Future Tense

Silicon Valley Tries to Sweep Trump Under the Rug

A TV screen at the rear of the White House press room shows Donald Trump speaking.
This video, released on Twitter on Wednesday, helped spur Twitter and other companies to begin booting Trump. Mandel Ngan/Getty Images

This article originally appeared in Tech Policy Press.

At 6:21 p.m. Eastern Time on Friday, Twitter finally did it. “After close review of recent Tweets from the @realDonaldTrump account and the context around them we have permanently suspended the account due to the risk of further incitement of violence.” With those 30 words, the Silicon Valley company summarily removed the President of the United States’ preferred mechanism for reaching his 80+ million followers, and arguably one of his key tools to govern the country.

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But wait! What about the official @POTUS account? Indeed, the president quickly availed himself of it to announce he would be taking action against the censors at Twitter—before the series of tweets he issued were summarily deleted. “Trump is just working his way through the accounts he has access to and getting them suspended,” tweeted Philip Bump, a correspondent for the Washington Post. “Now, @TeamTrump, which was enthusiastic about spreading misinformation anyway.” He even reportedly tried a staffer’s account. One Twitter user wondered, “How long until he’s tweeting from @TrumpDoral?”—a reference to the corporate account for one of the president’s properties, which was made famous in 2019 for its record of infestation with bed bugs and other creepy crawlies.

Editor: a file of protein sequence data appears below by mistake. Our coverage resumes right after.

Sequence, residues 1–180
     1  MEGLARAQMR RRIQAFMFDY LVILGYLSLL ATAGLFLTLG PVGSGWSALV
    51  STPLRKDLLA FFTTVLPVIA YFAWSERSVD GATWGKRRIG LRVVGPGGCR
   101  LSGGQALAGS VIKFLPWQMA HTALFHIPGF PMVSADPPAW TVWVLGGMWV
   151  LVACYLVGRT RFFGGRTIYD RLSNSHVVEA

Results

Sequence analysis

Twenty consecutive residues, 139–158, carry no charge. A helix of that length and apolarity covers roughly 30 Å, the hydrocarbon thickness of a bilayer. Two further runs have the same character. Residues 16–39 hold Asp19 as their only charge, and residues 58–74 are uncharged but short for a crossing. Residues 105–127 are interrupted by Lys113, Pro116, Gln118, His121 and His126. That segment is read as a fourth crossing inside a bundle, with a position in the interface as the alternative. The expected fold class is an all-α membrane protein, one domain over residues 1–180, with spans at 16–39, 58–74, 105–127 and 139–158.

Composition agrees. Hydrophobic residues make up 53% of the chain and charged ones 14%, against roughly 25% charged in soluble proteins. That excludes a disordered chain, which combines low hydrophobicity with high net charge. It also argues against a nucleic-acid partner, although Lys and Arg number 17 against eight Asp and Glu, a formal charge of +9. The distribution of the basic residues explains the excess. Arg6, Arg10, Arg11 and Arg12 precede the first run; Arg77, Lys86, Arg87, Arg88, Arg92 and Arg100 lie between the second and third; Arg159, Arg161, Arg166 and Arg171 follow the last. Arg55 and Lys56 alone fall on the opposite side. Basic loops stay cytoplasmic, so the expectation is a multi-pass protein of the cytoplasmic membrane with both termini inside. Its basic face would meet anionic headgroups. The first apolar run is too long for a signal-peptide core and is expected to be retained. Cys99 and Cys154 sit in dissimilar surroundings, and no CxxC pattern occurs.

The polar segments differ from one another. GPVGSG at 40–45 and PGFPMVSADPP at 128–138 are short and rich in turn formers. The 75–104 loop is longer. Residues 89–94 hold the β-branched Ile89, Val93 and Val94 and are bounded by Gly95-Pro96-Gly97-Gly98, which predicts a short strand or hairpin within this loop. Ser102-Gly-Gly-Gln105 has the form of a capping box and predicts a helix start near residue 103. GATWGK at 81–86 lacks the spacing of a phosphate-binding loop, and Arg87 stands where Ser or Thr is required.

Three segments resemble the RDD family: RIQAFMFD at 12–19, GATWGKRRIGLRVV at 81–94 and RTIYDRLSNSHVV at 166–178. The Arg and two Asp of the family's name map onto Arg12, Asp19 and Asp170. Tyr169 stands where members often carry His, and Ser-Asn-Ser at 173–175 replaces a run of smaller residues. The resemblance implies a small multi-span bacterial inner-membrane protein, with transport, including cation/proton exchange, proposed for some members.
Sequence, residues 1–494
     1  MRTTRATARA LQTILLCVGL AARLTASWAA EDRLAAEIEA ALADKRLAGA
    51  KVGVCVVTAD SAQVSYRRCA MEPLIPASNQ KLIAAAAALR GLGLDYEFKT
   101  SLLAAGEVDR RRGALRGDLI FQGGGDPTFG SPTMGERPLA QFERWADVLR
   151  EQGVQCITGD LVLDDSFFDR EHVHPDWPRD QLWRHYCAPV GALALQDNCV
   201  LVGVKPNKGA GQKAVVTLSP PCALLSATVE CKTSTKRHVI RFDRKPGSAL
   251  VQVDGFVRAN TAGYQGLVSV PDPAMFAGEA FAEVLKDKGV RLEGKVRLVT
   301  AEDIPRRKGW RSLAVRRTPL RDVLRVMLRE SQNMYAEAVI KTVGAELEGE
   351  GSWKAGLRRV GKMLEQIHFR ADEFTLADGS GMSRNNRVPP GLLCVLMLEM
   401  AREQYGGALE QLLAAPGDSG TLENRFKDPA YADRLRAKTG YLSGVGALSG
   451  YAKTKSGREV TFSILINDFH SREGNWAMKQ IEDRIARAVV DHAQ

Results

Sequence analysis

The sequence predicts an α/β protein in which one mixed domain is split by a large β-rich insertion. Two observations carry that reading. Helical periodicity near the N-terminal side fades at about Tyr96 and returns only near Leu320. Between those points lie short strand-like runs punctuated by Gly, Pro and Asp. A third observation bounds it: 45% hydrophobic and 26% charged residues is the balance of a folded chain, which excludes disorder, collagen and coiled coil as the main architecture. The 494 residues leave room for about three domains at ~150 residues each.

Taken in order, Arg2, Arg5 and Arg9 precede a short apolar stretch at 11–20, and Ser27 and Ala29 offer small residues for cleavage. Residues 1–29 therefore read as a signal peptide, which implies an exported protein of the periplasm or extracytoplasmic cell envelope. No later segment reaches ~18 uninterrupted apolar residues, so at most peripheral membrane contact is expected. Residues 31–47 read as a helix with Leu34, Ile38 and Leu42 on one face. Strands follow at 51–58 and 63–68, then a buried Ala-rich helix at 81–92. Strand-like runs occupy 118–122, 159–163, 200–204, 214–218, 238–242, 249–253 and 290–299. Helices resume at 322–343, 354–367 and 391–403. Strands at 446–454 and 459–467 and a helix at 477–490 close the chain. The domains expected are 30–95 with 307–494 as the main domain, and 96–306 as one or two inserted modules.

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And so continued what may well come to be known as The Great Cancellation of 2021—as Silicon Valley companies removed or limited Trump’s access to a host of services following the violent insurrection he incited on Capitol Hill:

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Reddit banned the subreddit forum r/DonaldTrump, Axios media reporter Sara Fischer reported on Friday morning, “one of the company’s largest political communities dedicated to support for President Trump.”

Twitch disabled Trump’s channel following the insurrection on Capitol Hill.

Snapchat locked the President’s account indefinitely.

Apple and Google told Parler, the social media network favored by far-right extremists and other supporters of the president, that it must start moderating its content, while Google delisted from its Play store.

Discord banned the TheDonald server “due to its overt connection to an online forum used to incite violence, plan an armed insurrection in the United States, and spread harmful misinformation related to 2020 U.S. election fraud,” the company said in a new statement.

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Shopify took down online stores affiliated with President Trump that sold “Make America Great Again” hats and merchandise, on the grounds that Trump violated its policy against promoting or supporting violence.

YouTube announced it would restrict channels posting videos that support the president’s false claims about the election, including Trump’s channel.